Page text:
While walking around Bath you see a lot of stunning facades and house, lots of beautiful buildings from the Georgian time. But how does the backside of these buildings look? A question I more or less answered by accident first and then went looking for it!
Pictured above is one side of Queen Square, all buildings around this little garden were built at the same time. The houses are known as the first element in “the most important architectural sequence in Bath”, which also includes the Circus and the Royal Crescent.
Developed by John Wood, the elder, in the early 18th century, who later also lived in one of the houses, in N°9, from where he had the best view over the square. Queen Square was the first project of his ambitious plan to rebuilt Bath and restore its former glory.
Named after Queen Caroline, wife of George II, it was intended to appear like a palace with wings and the square with the obelisk in the middle should be a place for people to come together.
He understood that polite society enjoyed parading, and in order to do that Wood provided wide streets, with raised pavements, and a thoughtfully designed central garden. The formal garden was laid out with gravel pathways, low planting and was originally enclosed by a stone balustrade. (wikipedia)
And this is how the buildings on Queen Square look from the backside, while I was on my way to the Georgian Garden, I stumbled over this view and it was then I decided to also go and look for the view from behind.
Former stables are now used as houses or garages.
The Georgian Garden
I continued via the Gravel Walk in direction on the Circus, but it was a garden I was interested in.
The Gravel Walk connects Queen Square with the Royal Crescent and made an appearance in Jane Austen’s “Persuasion” when Captain Wentworth and Anne Elliot were finally reconciled. The path follows along the gardens of the houses from the circus and one of the gardens, 4 Circus, is a re-creation of an eighteenth-century town garden.
Number 4 the Circus was completed in 1761, part of John Wood the Elders scheme for the new Upper Town. In February 1754, Wood laid the foundation stone of the very first house, but, sadly, just three months later, he died. It was left to his son, John Wood the Younger, to complete and oversee the construction of the King’s Circus, as it was originally called. The frontages of the 33 houses are uniform… (austenonly.com)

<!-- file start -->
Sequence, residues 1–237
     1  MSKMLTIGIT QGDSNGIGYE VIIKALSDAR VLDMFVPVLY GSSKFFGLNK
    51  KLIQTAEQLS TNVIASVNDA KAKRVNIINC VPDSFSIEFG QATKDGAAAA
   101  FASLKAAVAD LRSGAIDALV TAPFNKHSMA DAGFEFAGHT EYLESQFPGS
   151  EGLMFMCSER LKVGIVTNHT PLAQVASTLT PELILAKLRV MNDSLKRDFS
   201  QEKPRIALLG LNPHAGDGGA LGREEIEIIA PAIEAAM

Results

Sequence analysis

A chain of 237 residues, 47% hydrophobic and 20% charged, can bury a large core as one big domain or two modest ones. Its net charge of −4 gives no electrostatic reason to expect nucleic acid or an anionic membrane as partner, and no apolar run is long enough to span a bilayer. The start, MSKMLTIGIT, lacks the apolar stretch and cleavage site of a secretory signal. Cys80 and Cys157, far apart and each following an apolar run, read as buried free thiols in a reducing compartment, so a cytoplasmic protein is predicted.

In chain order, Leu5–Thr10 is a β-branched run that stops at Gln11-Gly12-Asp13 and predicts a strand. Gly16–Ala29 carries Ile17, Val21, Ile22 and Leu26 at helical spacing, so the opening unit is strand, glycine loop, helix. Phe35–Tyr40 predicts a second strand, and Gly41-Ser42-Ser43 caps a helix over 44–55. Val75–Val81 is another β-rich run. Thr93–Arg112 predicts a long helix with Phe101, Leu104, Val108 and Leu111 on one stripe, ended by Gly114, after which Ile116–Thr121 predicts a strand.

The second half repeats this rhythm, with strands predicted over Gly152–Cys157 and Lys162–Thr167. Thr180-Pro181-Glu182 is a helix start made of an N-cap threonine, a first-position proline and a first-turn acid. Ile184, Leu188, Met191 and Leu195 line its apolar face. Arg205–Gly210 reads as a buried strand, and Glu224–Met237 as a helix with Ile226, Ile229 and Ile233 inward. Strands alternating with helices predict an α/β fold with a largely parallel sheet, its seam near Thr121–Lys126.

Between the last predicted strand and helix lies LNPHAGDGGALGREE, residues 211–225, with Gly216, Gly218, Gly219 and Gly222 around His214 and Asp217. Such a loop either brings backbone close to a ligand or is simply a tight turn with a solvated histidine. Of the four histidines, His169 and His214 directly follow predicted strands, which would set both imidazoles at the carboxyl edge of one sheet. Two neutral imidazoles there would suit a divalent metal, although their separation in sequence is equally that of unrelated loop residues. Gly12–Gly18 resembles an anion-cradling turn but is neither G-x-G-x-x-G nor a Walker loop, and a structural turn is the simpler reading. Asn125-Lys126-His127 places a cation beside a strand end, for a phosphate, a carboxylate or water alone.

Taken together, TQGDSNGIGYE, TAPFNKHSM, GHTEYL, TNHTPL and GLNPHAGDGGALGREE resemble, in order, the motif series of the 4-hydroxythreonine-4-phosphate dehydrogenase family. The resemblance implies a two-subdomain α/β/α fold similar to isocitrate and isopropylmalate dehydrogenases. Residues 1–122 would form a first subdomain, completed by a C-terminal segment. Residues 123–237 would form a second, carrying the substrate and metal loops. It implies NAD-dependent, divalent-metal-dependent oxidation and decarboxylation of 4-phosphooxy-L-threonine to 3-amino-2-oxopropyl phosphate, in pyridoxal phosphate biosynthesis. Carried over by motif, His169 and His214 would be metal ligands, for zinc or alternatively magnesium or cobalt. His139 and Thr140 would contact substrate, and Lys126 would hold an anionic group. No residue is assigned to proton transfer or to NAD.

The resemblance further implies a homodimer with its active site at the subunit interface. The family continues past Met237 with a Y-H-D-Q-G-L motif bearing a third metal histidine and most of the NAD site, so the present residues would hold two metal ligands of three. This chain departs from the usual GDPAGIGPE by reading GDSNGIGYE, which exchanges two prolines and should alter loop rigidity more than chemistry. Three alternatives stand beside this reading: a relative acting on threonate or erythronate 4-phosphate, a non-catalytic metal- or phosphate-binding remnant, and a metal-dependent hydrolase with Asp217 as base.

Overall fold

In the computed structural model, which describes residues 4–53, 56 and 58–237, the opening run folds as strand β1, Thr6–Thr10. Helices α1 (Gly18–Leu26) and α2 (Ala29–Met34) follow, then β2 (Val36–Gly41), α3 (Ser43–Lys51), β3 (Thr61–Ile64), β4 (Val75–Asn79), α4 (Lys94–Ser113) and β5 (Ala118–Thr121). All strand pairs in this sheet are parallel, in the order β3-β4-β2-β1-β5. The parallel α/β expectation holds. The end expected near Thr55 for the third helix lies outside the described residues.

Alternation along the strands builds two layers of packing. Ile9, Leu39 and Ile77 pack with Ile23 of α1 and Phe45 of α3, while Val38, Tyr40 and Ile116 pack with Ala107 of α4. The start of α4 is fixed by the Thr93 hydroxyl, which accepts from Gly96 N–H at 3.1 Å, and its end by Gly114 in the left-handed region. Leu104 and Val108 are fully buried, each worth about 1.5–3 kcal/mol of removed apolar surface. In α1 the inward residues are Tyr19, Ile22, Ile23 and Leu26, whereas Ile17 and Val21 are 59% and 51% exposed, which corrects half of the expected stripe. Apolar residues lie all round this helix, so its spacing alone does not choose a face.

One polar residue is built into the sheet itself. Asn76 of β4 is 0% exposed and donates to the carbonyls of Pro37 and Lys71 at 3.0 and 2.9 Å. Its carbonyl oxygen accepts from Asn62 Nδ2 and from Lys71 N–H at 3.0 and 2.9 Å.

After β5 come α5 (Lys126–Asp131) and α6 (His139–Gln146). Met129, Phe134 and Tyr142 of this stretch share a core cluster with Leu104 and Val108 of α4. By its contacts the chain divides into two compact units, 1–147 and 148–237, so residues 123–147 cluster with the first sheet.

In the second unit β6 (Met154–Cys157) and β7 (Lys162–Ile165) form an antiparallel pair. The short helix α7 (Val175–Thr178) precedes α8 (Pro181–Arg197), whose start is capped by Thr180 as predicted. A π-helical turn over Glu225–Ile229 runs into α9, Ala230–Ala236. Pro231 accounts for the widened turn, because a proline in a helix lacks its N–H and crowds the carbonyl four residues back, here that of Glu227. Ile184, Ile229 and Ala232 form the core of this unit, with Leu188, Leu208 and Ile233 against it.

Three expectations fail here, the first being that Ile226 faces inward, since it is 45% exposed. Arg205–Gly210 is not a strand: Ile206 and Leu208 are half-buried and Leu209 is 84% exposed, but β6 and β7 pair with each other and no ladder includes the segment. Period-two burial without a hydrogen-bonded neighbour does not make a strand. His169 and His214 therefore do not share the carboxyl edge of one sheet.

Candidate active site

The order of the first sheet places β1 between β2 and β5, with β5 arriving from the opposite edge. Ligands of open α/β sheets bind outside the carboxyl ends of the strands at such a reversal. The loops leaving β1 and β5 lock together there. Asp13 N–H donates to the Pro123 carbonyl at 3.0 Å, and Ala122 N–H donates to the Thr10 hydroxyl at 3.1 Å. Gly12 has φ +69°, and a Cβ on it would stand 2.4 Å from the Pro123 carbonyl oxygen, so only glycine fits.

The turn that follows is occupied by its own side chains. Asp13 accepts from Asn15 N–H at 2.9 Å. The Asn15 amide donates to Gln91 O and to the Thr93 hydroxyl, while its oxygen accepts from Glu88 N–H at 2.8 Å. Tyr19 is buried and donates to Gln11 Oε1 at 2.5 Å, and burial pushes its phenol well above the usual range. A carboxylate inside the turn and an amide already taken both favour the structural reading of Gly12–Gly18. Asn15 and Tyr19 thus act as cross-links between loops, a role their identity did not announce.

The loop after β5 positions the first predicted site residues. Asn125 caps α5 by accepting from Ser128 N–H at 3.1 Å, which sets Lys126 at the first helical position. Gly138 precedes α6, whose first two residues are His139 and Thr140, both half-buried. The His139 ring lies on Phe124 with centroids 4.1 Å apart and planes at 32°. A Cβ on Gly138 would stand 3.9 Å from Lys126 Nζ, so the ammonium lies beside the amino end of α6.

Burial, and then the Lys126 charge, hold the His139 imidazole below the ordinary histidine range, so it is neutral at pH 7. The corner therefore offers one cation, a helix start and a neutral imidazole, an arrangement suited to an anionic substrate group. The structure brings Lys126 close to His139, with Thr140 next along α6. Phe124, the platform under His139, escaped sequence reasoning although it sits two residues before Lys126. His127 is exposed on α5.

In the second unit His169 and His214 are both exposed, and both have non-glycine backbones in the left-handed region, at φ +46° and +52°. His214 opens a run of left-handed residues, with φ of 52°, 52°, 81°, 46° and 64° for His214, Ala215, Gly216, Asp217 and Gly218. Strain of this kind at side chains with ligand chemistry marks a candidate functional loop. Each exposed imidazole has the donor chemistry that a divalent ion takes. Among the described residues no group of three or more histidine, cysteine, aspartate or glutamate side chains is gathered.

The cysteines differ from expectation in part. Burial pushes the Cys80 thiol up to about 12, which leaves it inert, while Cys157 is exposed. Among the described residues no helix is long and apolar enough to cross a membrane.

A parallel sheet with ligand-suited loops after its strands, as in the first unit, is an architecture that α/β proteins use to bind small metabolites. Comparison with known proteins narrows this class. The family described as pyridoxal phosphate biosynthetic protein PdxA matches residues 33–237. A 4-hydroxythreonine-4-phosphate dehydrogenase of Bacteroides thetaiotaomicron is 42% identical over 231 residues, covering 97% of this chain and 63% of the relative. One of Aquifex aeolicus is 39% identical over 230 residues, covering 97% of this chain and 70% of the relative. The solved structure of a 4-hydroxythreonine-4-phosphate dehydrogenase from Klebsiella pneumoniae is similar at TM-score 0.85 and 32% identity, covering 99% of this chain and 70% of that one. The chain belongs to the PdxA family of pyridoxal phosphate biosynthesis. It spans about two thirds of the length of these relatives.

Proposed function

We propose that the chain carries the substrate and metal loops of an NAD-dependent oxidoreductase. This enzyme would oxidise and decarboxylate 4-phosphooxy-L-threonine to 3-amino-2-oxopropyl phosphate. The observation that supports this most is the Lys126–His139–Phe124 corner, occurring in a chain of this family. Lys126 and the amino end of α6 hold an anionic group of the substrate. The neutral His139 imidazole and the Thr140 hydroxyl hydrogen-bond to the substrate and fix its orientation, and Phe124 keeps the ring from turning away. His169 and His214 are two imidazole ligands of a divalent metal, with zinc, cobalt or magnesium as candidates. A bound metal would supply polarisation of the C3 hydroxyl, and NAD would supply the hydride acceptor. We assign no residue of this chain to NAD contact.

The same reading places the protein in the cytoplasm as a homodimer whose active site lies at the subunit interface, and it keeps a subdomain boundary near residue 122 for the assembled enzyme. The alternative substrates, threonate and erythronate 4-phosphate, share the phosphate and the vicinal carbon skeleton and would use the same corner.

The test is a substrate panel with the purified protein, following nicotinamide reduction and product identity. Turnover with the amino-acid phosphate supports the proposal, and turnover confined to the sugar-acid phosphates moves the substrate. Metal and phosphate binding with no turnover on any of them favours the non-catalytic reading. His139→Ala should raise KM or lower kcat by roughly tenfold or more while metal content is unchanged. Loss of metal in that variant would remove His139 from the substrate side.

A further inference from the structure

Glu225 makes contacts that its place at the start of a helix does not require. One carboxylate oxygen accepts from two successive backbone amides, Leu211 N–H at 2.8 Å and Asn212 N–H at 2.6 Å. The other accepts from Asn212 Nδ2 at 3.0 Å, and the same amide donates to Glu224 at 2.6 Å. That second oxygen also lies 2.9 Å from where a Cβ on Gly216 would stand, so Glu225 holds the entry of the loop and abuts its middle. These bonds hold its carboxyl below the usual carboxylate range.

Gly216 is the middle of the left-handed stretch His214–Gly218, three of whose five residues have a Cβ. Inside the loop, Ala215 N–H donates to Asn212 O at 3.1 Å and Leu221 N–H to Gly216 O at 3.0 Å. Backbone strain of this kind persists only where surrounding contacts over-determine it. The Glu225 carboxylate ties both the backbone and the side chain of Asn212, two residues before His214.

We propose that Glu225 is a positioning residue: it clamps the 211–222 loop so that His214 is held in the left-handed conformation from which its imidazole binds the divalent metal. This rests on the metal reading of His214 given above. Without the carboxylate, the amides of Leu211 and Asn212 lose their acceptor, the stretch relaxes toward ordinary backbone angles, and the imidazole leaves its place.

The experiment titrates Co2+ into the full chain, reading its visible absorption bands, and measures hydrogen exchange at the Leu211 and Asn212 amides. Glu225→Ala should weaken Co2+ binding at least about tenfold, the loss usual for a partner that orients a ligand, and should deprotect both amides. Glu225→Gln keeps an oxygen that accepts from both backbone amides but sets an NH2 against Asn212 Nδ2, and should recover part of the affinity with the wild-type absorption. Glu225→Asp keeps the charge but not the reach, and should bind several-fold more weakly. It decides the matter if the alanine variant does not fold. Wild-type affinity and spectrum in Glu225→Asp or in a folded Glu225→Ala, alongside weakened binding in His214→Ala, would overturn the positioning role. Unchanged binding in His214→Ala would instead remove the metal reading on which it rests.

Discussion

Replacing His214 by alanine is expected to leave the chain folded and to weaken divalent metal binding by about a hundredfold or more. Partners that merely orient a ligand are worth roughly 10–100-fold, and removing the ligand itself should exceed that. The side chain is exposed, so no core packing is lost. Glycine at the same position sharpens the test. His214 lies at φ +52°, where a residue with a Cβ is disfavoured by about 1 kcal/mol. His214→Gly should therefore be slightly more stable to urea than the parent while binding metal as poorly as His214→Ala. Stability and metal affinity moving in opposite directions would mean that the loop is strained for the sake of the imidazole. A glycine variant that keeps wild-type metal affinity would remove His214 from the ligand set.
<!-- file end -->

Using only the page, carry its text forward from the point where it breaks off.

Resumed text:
The Royal Crescent
This curved row of buildings is maybe Baths most iconic landmark and was built between 1767 and 1775, designed by John Wood, the younger.
Overlooking the Royal Victoria Park, the crescent is formed of 30 houses. Crescent °1, the former home of Thomas Brock in 1769 and then in 1776 Prince Frederick, Duke of York and Albany and Henry Sandfordis is a museum of Georgian life, but unfortunately, it was on a winter break.
The land on which the Royal Crescent stands was bought from Sir Benet Garrard of the Garrard baronets, who were the landlords, in December 1766. Between 1767 and 1775 John Wood designed the great curved façade with Ionic columns on a rusticated ground floor. Each original purchaser bought a length of the façade, and then employed their own architect to build a house behind the façade to their own specifications; (wikipedia)
The fronts are all alike, except from one yellow door and some plants, but behind these facades the houses and esp. their backsides vary completely!
And the view from the back, former coach houses are also used for apartments and also as garages.
It´s just a short walk via Brook Street from the Royal Crescent to the Circus, a street with large townhouses forming a circle with three entrances.
The Circus was designed by John Wood, the elder but he died three months after the construction works began, it was his son, John Wood, the younger, who completed the design in 1768.
Wood (the elder) designed the size of the circle accordingly to the diameter of Stonehenge, as he was convinced that Bath had been the principal centre of Druid activity in Britain.
And again, here is also a view from the back!